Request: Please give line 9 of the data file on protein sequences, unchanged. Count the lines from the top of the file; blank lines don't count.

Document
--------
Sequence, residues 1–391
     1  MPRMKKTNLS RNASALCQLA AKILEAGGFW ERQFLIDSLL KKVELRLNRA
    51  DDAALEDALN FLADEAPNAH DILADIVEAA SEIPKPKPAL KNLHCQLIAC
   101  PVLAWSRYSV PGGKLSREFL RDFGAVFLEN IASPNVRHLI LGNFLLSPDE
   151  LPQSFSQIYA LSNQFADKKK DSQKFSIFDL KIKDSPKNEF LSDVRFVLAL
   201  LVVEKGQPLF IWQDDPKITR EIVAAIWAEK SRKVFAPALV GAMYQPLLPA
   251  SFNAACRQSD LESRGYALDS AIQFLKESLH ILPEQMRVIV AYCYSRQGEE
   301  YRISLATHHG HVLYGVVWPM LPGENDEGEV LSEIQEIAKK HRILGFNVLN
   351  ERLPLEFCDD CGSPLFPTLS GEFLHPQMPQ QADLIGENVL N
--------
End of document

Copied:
   351  ERLPLEFCDD CGSPLFPTLS GEFLHPQMPQ QADLIGENVL N